Now, on to the next problem – so-called love blindness, self-deception, or positive illusions. These notions don’t hold much water in our humble and well-researched opinion.
Present in the mind’s-eye of the most successful marriages we have studied is the simple notion that a person’s spouse is eternally beautiful or handsome. And trust us on this – these aspersions of beauty and handsomeness transcend time and place.
The simple and endearing truth is this – would you really expect anything different? To see the one you love in the most positive terms throughout your enduring marriage should come as no surprise to anyone. Having positive illusions is not a bad thing – and it is certainly not something to dismiss as unimportant. Love blindness is something to embrace!
Some who study marriage have reported that there is no particular combination of personality traits that leads to sustained romance. Frankly, we find such a conclusion invalid and not supported by our own research. Here’s why.
Our research of successfully married couples on six continents of the world – reflecting different ethnicities, different cultures, different religious traditions – reveals seven personality traits that leads to sustained romance and to a successful marriage that transcends time. To suggest that there are no personality traits that lead to sustained romance is to ignore overwhelming evidence to the contrary.
All of this now leads to this inescapable question – why do so-called experts report such findings as truth when there is so much evidence to the contrary? One only knows!
Here is what we know to be true – there are recurring themes in successful marriages around the world. In a nutshell, they are: togetherness/oneness of the relationship; truthfulness and honesty; mutual respect and kindness; a focus on healthy living and good health; the sharing of important financial decisions; daily tactile communication (frequent touching and intimacy); and surprise and unpredictability (great marriages are never stale or boring). These time-tested relationships speak to the notion of how to make the romance of a marriage last. It really is that simple. Simple things matter in love and marriage. They really work!
As human beings, we have this amazing capacity to love and be loved. In a successful marriage, this notion is multiplied ten-fold! Successful marriage represents an accumulation of the reciprocal notion of loving and being loved.
Simple Things Matter in love and marriage. Love well!
By Dr. Charles D. Schmitz and Dr. Elizabeth A. Schmitz
Authors of the best-selling book and multiple-award winning book Building a Love that Lasts: The Seven Surprising Secrets of Successful Marriage (Jossey-Bass/Wiley 2010) Available wherever books are sold.
Winner of the INDIE Book Awards GOLD Medal for Best Relationship Book
Winner of the 2009 Mom’s Choice Awards GOLD Medal for Most Outstanding Relationships and Marriage Book
2009 Nautilus Book Awards Winner for Relationships

Love, Marriage, and Prenuptial Agreements
By Dr. Charles D. Schmitz and Dr. Elizabeth Schmitz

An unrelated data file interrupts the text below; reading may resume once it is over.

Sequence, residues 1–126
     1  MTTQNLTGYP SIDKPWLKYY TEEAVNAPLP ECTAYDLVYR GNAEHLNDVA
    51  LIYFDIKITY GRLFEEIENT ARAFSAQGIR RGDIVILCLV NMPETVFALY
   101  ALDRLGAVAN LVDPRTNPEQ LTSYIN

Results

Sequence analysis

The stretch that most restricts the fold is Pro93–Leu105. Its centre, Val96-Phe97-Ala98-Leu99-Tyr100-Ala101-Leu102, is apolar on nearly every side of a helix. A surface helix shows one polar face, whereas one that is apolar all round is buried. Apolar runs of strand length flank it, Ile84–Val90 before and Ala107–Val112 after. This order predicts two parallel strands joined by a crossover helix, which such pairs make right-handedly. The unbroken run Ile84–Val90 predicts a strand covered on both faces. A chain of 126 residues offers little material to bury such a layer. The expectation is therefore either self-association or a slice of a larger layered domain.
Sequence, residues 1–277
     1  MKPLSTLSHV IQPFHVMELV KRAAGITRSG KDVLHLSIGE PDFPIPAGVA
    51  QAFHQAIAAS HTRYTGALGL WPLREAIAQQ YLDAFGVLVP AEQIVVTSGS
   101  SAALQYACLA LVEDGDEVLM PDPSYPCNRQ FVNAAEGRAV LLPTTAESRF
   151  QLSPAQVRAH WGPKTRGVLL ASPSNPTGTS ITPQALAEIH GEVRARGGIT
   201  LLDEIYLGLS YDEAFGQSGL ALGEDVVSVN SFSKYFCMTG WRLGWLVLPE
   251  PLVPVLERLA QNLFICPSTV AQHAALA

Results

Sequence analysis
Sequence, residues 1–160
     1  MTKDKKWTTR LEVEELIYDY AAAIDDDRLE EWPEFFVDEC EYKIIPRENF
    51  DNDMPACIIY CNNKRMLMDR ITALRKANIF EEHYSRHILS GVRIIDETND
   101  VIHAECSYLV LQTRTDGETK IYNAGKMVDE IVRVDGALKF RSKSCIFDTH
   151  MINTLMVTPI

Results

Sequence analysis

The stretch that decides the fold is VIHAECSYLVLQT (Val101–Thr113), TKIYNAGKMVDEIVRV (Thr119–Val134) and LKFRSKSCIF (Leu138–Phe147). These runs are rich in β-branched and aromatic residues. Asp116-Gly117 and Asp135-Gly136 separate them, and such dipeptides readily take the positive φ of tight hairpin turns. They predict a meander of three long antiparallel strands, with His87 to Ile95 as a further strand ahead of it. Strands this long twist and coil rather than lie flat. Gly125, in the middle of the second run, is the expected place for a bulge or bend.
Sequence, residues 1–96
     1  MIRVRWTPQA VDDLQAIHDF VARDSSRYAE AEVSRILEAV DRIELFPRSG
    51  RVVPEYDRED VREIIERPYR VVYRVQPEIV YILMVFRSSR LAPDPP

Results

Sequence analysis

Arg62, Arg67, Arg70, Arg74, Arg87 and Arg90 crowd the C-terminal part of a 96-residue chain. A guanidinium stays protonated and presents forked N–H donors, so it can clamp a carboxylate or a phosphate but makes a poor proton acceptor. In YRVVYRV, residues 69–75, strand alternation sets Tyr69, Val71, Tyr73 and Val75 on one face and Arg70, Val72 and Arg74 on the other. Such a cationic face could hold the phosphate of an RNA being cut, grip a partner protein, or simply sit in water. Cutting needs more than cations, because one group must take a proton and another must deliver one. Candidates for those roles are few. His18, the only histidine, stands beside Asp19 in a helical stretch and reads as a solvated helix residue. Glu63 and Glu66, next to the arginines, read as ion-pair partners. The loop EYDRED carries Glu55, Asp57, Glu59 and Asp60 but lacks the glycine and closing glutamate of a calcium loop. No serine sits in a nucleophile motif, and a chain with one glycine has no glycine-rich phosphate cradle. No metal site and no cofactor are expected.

“the marriage doctors” and Authors of the Book
Golden Anniversaries: The Seven Secrets of Successful Marriage

We believe that Prenuptial Agreements are a bad idea, period! Just imagine, telling someone that you love him or her, but you don’t trust them! To us, this is analogous to having two separate checking accounts in a marriage — one for him and one for her. In both cases it becomes a case of yours and mine. Or, how about this, I love you with the following conditions. Whatever happened to US? We? Love without conditions?

Frankly, we don’t believe that the true meaning of “marriage” allows for this sort of duplicitous relationship between two people who say they love each other. True love means true love. You can’t have a bonifide loving and successful marriage or relationship when you have a Prenuptial Agreement! People who invented this concept don’t know anything about real love and real relationships. Only people with an agenda would encourage something so anti-love, so anti-relationship, and so anti-marriage. read more

Will A Separation Help Or Hurt Your Marriage?

If you’re reading this, I’m sorry that your marriage has gotten to the point that separation is in consideration. I know that going through what you’re going through isn’t easy. However, your marriage is not over unless you stop trying. Here is how marriage separation can benefit your relationship, no matter how bad it may seem.
First things first, I know that things may seem impossible to fix between you and your spouse right now but just know that unless you stop trying, your marriage still has a chance.
A lot of people out there say that a marriage separation could ruin your marriage but I do not believe that is the case if you do it right. The point of a trial separation is to give each person space to reevaluate their emotions and marriage without the direct stress of living together with their spouse.
As long as each person is fully committed to saving their marriage while they are separated from their spouse will a trial marriage separation actually work. There are certain guidelines that must be followed to make sure that a marriage separation won’t be the death nail to a crumbling marriage.
With that said, here are a few things that you must do when it comes to marriage separation.
* Before you both separate, set a clear guideline on your marriage separation terms.
* Avoid dating other people while you guys are separated, it just gets too confusing.
* Commit to seeing a marriage therapist while you guys are separated.
* Plan on catching up with your spouse at least every other week or so (continue to date each other).